We shouldn’t teach kids what to think, but how to think.
Islamic State wants to establish fear, for example with the attacks in Paris last year. The people that were killed there, are used as a ‘medium’ to reach their targets, namely: the rest of the world that is watching in fear and shock. Instead of showing our fear or sadness (e.g. by changing our Facebook pictures to the French flag), we should do something to learn more. Because us not knowing is key for them. Conversation and curiosity should be encouraged, to learn what is going to happen. We are the actors and targets at the same time and IS wants us to be the real victims of media wars. Asking questions and using storytelling are solutions in this media war - online and offline life are as one.
The questions to ask
What are the media literacy questions in the war of media?
-who is the creator?
-what is the intent?
-what techniques are used to attract attention?
-which ideologies are represented?
-what is the omitted?
-how might people understand this differently from me?
What tactics can media literacy educators use against the media war?
-asking: so what and what now?
After war becomes peace
Luckily, the internet is not only a place for conflicts and war, but also a great place where young people can create their own (online) media, and communicate their own identities using media. Hannah Higginson, Engagement producer at Watershed and Mthoba Chapi, Director at Vuselela-Media NPC in Johannesburg gave examples of tools they provide to reach or represent a diverse range of cultural identities out there - something that mainstream media cannot always offer. Both Watershed in Bristol (UK) and Vuselela Media in South Africa are engaging young and diverse communities, providing them with tools to be content creators themselves and to express their own identities within media.
Try, fail and play
Watershed developed RIFE magazine, an online youth magazine made by the young people of Bristol for the young people in Bristol. Jasmine Thompson shared her story with the audience. Thompson is an illustrator and content creator for RIFE. In her content she explores race, integration and cultural identity issues. Creating your own online channels is now easier than ever before and young people are increasingly becoming successful media makers themselves. This gives them the opportunity to communicate their identities and learn more about each other. In this way, they can share content (blogs, vlogs, pictures, drawings, stories and so on) that is underrepresented in mainstream (mass) media. By trying, failing and playing with digital media, young people learn important (digital media) skills.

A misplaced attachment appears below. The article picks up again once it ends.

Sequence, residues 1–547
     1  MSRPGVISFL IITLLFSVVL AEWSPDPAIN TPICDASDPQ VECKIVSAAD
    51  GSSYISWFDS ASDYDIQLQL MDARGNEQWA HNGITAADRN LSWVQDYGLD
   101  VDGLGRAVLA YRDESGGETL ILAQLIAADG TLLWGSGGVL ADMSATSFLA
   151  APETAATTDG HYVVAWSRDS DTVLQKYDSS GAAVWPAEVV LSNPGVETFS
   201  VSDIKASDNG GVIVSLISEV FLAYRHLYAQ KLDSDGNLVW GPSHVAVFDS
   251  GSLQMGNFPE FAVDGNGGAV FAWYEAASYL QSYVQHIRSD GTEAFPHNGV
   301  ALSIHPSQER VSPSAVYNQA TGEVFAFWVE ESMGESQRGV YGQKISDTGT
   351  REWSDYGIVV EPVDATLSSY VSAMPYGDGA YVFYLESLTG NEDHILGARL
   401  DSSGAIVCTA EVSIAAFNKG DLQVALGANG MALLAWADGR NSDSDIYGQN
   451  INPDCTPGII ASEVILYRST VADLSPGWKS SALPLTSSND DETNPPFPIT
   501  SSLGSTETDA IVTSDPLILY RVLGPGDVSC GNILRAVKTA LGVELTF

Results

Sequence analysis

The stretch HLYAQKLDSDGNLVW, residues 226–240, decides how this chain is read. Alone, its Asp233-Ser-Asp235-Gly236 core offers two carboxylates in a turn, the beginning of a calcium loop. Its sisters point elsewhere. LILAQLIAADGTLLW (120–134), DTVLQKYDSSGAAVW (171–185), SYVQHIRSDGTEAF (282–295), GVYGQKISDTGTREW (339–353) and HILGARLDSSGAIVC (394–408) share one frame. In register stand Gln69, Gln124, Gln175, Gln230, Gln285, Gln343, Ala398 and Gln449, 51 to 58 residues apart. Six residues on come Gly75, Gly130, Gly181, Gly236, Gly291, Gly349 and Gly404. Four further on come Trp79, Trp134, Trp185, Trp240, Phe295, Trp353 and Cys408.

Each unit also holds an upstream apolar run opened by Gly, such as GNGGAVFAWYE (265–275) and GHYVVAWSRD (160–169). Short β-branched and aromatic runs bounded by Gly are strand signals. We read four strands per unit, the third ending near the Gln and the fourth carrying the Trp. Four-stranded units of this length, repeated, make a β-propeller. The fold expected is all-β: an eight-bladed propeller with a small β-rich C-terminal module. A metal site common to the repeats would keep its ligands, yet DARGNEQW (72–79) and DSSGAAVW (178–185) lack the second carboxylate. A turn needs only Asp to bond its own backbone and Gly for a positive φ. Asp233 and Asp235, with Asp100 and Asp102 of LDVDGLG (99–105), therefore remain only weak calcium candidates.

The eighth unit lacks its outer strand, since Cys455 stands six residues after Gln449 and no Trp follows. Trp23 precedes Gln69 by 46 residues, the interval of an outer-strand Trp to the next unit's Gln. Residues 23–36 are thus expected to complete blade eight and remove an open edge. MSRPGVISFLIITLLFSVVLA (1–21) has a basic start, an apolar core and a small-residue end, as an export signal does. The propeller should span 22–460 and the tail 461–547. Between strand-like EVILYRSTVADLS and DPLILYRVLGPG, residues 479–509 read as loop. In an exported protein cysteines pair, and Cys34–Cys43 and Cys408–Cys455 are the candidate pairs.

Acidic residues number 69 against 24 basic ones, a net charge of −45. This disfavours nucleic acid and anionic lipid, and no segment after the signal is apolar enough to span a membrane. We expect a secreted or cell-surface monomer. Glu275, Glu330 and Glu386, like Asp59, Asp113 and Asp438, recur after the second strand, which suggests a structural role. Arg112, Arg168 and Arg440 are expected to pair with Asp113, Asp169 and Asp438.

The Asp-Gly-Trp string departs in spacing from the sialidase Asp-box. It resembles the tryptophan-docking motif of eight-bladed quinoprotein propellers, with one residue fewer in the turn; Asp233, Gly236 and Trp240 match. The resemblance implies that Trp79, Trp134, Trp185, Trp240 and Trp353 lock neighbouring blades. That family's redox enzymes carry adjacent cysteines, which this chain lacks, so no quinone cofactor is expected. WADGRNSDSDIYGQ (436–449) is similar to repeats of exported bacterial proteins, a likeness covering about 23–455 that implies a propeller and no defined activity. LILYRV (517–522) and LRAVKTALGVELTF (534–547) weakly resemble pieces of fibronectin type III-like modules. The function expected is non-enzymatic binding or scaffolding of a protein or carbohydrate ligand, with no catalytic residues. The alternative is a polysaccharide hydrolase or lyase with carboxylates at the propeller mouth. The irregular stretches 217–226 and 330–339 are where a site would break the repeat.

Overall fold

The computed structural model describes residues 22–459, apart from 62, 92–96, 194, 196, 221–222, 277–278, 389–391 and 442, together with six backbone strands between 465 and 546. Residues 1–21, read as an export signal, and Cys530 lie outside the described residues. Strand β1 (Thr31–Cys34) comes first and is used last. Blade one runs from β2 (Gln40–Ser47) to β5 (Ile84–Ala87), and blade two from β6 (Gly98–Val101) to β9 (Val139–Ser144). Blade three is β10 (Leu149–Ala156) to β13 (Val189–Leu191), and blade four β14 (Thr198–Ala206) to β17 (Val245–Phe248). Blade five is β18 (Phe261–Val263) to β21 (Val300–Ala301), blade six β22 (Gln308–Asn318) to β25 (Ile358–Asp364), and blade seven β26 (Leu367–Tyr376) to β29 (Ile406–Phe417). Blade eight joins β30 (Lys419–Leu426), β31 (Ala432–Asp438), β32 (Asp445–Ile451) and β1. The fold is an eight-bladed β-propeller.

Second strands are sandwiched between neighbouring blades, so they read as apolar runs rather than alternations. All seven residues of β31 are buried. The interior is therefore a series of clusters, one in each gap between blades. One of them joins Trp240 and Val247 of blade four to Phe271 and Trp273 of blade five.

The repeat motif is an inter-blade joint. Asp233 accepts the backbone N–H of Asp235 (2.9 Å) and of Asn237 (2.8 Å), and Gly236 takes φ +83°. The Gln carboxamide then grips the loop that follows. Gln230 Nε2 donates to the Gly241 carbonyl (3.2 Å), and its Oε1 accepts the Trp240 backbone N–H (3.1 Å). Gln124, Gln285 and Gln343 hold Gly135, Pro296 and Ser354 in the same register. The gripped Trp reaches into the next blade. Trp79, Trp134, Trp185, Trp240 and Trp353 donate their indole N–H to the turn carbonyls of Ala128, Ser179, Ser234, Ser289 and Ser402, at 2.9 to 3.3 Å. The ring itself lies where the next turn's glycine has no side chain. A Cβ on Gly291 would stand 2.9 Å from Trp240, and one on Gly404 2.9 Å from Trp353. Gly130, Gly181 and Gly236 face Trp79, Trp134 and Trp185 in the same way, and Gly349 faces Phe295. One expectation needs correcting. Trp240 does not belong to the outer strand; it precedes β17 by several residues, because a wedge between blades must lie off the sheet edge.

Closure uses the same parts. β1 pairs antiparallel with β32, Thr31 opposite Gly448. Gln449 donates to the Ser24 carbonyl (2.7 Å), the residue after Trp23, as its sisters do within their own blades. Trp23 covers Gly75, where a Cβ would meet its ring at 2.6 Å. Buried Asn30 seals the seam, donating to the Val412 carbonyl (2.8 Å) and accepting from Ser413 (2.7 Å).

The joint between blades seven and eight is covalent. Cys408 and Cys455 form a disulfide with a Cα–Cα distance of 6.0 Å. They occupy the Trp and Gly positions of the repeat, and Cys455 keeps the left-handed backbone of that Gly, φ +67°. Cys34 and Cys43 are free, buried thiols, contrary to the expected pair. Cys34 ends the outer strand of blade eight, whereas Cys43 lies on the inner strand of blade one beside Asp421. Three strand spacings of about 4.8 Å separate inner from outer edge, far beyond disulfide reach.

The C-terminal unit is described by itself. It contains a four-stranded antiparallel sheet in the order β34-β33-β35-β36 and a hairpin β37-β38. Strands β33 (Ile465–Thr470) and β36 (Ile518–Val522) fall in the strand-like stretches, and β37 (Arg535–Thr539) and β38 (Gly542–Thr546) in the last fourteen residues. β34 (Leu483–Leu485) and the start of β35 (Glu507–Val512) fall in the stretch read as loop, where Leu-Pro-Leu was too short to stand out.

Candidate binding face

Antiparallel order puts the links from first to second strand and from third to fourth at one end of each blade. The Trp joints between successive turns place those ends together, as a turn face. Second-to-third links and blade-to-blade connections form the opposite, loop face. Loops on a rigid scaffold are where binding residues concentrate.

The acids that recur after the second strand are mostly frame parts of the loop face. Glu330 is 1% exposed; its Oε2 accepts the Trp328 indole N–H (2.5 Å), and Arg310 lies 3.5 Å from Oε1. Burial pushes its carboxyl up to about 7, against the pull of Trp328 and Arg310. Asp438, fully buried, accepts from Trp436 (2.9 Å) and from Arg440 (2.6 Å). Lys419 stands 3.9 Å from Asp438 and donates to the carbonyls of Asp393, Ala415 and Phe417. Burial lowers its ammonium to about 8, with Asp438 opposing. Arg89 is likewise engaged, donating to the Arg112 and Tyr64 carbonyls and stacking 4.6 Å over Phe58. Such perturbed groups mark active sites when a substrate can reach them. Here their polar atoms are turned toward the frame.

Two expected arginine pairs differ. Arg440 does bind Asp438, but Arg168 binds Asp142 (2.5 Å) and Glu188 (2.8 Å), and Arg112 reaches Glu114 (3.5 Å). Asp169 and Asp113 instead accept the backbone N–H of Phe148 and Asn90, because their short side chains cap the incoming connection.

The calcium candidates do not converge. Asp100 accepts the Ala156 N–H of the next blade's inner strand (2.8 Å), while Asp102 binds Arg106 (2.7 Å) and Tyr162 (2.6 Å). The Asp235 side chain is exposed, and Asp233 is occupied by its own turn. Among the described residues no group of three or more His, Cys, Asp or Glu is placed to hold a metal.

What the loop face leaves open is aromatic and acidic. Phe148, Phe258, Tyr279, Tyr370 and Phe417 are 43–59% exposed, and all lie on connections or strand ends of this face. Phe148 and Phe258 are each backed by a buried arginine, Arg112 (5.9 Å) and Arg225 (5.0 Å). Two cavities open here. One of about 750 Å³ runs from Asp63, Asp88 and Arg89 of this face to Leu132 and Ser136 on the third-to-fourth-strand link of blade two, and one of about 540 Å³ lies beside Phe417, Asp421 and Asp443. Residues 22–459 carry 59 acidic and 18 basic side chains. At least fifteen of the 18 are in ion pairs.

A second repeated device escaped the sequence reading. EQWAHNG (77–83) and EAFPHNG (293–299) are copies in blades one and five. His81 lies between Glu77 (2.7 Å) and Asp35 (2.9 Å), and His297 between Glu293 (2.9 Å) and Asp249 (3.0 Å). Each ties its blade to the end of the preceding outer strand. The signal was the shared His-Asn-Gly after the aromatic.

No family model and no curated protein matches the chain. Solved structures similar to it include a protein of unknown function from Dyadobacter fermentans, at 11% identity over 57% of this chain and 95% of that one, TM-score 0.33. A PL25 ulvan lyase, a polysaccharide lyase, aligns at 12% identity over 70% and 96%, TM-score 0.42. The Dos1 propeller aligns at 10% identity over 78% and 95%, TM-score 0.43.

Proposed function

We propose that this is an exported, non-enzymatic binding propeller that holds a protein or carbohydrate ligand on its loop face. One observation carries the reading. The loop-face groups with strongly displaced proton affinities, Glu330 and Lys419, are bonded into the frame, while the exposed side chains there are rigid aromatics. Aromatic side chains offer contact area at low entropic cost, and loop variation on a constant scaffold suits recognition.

UK versus South Africa
From the professional and modern techniques the youngsters use in UK, we move to different techniques in South Africa that express the same idea. Bona Retsang is a youth magazine television show, produced by Vuselela Media, that has broadcasted on SABC 1 in South Africa since 2013. It is a platform that brings to light young people’s daily challenges across South Africa. The first two seasons involved content produced by young video producers from marginalized communities that were trained by the Vuselela Media Academy in storytelling, camerawork and video editing. It is great to see how the teenagers in Johannesburg get the chance to make their own reports, to feel like journalists and that their news items are even covered in the television broadcast news.
Picture this: time to workshop
Florine Wiebenga, Head of Education at EYE Film Institute, made the audience aware of the benefits of mobile storytelling and organised a workshop then and there. How can images be manipulated by putting them in a certain order and telling a certain story? And what does that mean? The room was split up into groups, each one working on their own story. All participants chose a picture from their smartphone and were instructed to make a storyboard of all the pictures together. A great way to have people think about perspective, consensus, creativity and your picture being part of a bigger story.